Psalm 62:1-8 ∙ Rollins Chapel ∙ Dartmouth College, Hanover, New Hampshire ∙ April 28, 2011
Guest Speaker - Madelyn Betz. Curate, St. Thomas Episcopal Church.
This first week after Easter is the perfect time to be talking about hope. As Christians, resurrection hope is the foundation of our faith. And yet, on any given day, most of us find ourselves somewhere on a continuum of belief about the resurrection, and where we find our belief affects the strength of our hope for what is to come.
The author Frederick Beuchner talks about hope in terms of believing in the possibility of a miracle. This hope is as beautiful and full of possibility as it is fragile. Our most extravagant hope exposes our vulnerability when nothing like what we expect to happen happens. When we set our heart on anything yet to come, we put ourselves at an intersection of limit and opportunity. When our heart is set on a miracle that doesn’t happen, something other than what we expect does happen. Beuchner suggests that that is the place of real hope—that there may be a glimmer of grace in that moment of the unexpected; we may just find ourselves in the presence of the holy when we are surprised beyond what we have imagined.
Tempting as is today to take the topic of hope in the direction of the resurrection, I must be honest and tell you that when I am most in need of hope—that is, when things aren’t going so well in my own life, when people I know are in trouble, dealing with serious illness, disappointments or grief—I don’t take time out to contemplate the resurrection and the possibilities of the unexpected. They are connected though to the place where I do turn most often for hope and that is the Book of Psalms.
The Episcopal Church’s Book of Common Prayer contains a version of the Psalms, translated into English by Myles Coverdale with one eye toward orthodoxy and another toward beauty and rhythm of language. Psalms are an important part of our worship, both privately and publicly. The Episcopal Church’s worship intentionally represents a circle of unity—we are united with one another by voice and gesture in corporate worship as the body of Christ; we are united with God in the sacraments; and the worship and sacraments give us strength to go out into the world, serving others as the hands and feet of Christ.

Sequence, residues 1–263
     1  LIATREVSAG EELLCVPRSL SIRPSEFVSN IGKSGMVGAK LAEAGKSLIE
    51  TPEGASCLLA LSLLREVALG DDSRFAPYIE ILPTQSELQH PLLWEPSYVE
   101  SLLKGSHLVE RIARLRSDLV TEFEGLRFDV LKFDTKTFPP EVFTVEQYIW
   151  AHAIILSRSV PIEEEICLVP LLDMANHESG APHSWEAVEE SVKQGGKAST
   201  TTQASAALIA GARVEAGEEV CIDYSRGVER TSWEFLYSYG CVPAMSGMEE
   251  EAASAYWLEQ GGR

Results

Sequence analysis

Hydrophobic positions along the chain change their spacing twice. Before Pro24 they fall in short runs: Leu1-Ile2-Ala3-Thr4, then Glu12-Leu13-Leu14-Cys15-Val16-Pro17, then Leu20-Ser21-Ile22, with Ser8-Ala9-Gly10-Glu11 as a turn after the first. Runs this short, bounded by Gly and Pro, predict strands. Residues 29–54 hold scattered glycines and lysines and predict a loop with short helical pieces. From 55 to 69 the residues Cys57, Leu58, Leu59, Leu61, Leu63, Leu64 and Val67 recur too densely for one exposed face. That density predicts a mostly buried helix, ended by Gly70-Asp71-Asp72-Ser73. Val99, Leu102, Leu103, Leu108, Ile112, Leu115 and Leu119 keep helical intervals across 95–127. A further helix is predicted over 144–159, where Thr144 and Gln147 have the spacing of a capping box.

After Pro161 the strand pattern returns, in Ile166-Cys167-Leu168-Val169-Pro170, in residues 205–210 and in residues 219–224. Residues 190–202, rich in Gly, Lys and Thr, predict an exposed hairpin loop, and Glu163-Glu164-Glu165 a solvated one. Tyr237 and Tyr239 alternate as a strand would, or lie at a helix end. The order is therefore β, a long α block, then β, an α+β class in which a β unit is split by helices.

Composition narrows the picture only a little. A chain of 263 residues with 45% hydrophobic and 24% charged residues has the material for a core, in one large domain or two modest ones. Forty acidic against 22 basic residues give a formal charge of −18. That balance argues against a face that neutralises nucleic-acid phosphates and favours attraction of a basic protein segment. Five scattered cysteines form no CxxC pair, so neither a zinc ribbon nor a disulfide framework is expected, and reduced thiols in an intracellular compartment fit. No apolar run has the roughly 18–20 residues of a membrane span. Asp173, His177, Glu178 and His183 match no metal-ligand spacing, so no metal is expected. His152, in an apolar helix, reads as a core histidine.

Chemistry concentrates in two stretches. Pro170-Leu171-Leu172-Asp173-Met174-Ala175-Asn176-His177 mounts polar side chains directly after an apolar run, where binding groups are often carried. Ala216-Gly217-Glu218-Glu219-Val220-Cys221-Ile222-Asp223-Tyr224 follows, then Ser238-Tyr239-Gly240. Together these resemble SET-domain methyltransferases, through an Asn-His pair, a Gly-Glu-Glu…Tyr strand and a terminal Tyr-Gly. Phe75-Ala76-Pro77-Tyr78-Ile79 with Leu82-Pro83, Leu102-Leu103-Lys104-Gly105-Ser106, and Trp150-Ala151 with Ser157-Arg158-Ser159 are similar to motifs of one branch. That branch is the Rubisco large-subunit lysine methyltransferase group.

Part of the particular allure of the Psalms is that they have been part of corporate worship for millennia—not just centuries, but millennia. Some of the Psalms were written as many as three thousand years ago. For three thousand years, people have united their voices as one by the words of the Psalms to express in worship their thoughts and feelings to God.Every kind of emotion is expressed in the Psalms—from the most dark and violent to the most tender. This is what makes them a genuine expression of humanity in our seeking to understand our relationship to God and our relationship to one another in light of our relationship to God, an expression as true and real today as they have been through the ages. The range of human emotion as expressed and recorded in the Psalms has not changed much in those three thousand years.
The Psalmists cry out in despair, in grief, in anger, and they keep coming back to the sustaining presence of God as their Rock and their Refuge. After all these years, the Psalms still serve as reminders that things happen to us in life; things that we can’t possibly expect or even understand. And when those things do happen, God will be there. And that is what hope means to me.